|Rocky Mountain Section - 64th Annual Meeting (9–11 May 2012)|
|Paper No. 31-6|
|Presentation Time: 9:45 AM-10:00 AM|
TERRESTRIAL IMPLICATIONS FROM THE PETROGENIC HISTORY OF OLIVINE MEGACRYSTS IN MARTIAN BASALTS
AARON, Pamela M., SHEARER, Charles K., and BURGER, Paul V., Institute of Meteoritics, University of New Mexico, MSC03 2050, 1 University of New Mexico, Albuquerque, NM 87131-0001, firstname.lastname@example.org|
The distribution of P in olivine records the state of a magmatic system. Formation and preservation of P zoning contrasts with zoning of divalent cations. These differences have been attributed to diffusion rates. We explore the origin of olivine megacrysts in Martian shergottites by combining WDS mapping with EPMA spot analyses of olivines from two Martian basalts: NWA 1183, an “enriched” shergottite, and Y 98, a “depleted” shergottite. This study reconstructs the thermal history in these two shergottites by examining P zoning in large olivine megacrysts. The data will be used to examine relationships between geochemical characteristics in these two basalts and to understand the phenomenon of P zoning in terrestrial rocks.
Concentric P zoning in these Martian basalts is shown by bands of higher P concentrations and is tied to the diffusivity of P. The incompatibility of P results in higher concentration of P within the melt while slow diffusion leads to the inability to “outrun” the growing crystal faces. Visible P zones are the result of rapid crystal growth due to increases in cooling rate. Fabbrizio et al. (2010) and Milman-Barris et al. (2006) found P zoning in olivines from Hawaii and explain the phenomenon as undercooling and/or rapid crystal growth. Oscillatory zoning is preserved by high P cores in the megacrysts because of the low diffusivity of P. Phosphorous substitution into the tetrahedral site requires a coupled mechanism to maintain charge balance. The correlation of P and Al in NWA 1183 points to a possible substitution mechanism:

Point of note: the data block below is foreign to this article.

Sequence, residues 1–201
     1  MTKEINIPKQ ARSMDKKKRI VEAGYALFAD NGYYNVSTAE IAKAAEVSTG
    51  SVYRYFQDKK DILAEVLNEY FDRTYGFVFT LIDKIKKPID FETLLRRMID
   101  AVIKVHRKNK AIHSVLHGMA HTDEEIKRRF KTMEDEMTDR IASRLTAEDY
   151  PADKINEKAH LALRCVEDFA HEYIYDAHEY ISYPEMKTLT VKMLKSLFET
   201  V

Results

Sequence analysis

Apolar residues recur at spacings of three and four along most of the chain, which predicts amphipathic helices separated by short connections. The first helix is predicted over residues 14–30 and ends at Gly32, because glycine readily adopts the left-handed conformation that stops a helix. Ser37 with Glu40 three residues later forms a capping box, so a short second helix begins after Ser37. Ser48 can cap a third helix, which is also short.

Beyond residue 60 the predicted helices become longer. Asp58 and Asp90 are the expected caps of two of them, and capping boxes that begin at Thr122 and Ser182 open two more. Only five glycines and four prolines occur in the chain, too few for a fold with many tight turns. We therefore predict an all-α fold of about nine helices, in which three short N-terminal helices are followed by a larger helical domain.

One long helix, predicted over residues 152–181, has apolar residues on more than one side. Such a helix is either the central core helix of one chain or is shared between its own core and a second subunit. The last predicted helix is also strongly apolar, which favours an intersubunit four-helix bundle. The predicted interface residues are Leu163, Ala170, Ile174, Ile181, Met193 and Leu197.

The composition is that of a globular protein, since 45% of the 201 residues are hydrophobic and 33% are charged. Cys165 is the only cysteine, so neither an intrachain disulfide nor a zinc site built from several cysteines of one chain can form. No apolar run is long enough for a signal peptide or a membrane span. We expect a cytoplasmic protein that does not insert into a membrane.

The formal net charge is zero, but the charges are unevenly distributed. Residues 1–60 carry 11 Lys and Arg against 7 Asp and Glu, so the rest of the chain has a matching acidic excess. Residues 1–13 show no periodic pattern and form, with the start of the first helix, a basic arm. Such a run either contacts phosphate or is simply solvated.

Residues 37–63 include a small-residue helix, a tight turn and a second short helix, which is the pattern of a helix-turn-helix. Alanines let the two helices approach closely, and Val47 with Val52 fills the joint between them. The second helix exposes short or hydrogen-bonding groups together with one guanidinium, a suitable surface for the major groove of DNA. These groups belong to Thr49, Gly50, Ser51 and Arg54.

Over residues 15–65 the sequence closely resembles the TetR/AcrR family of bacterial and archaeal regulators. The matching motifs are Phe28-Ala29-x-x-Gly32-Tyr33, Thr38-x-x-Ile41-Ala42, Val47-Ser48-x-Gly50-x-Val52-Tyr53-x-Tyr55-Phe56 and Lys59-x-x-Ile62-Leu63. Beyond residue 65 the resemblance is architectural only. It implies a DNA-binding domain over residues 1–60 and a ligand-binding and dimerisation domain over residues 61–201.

2SiT4+ ↔ PT5+ + AlT3+
Part of the incompatible element signature is fingerprinted in the P2O5 concentration with bulk Y 98 having 0.29% P2O5 while enriched shergottites commonly have higher P2O5. The difference in P2O5 in these megacrysts indicates that the first silicate phase (olivine) crystallized from enriched and depleted basalts, respectively. Thus olivine megacrysts most likely represent phenocrysts and the enriched and depleted signatures were added to the basalts before crystallization. This indicates that the enriched signature and fO2 are decoupled and that an enriched and oxidized Martian mantle may not exist.
Rocky Mountain Section - 64th Annual Meeting (9–11 May 2012)
General Information for this Meeting
|Session No. 31|
Meteorites and Impact Craters
Hotel Albuquerque: Alvarado H
8:30 AM-12:00 PM, Friday, 11 May 2012
Geological Society of America Abstracts with Programs, Vol. 44, No. 6, p. 89
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